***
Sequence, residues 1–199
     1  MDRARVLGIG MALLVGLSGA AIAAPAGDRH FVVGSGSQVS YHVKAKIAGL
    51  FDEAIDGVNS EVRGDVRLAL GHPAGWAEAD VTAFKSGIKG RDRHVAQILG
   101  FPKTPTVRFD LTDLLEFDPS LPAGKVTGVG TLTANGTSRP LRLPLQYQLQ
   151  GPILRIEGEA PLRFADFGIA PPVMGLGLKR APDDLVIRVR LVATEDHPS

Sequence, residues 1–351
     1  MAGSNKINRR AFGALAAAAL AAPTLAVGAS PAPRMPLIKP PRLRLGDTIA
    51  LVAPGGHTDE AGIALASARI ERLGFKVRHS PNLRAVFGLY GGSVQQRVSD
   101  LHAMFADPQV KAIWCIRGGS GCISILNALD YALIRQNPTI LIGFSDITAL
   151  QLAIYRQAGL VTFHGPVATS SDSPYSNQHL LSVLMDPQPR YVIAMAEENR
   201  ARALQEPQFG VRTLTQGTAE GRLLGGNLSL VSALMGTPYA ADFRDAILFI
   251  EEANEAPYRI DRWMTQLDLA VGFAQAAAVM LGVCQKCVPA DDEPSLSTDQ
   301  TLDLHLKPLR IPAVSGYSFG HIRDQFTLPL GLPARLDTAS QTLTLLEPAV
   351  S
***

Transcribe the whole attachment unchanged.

Sequence, residues 1–199
     1  MDRARVLGIG MALLVGLSGA AIAAPAGDRH FVVGSGSQVS YHVKAKIAGL
    51  FDEAIDGVNS EVRGDVRLAL GHPAGWAEAD VTAFKSGIKG RDRHVAQILG
   101  FPKTPTVRFD LTDLLEFDPS LPAGKVTGVG TLTANGTSRP LRLPLQYQLQ
   151  GPILRIEGEA PLRFADFGIA PPVMGLGLKR APDDLVIRVR LVATEDHPS

Sequence, residues 1–351
     1  MAGSNKINRR AFGALAAAAL AAPTLAVGAS PAPRMPLIKP PRLRLGDTIA
    51  LVAPGGHTDE AGIALASARI ERLGFKVRHS PNLRAVFGLY GGSVQQRVSD
   101  LHAMFADPQV KAIWCIRGGS GCISILNALD YALIRQNPTI LIGFSDITAL
   151  QLAIYRQAGL VTFHGPVATS SDSPYSNQHL LSVLMDPQPR YVIAMAEENR
   201  ARALQEPQFG VRTLTQGTAE GRLLGGNLSL VSALMGTPYA ADFRDAILFI
   251  EEANEAPYRI DRWMTQLDLA VGFAQAAAVM LGVCQKCVPA DDEPSLSTDQ
   301  TLDLHLKPLR IPAVSGYSFG HIRDQFTLPL GLPARLDTAS QTLTLLEPAV
   351  S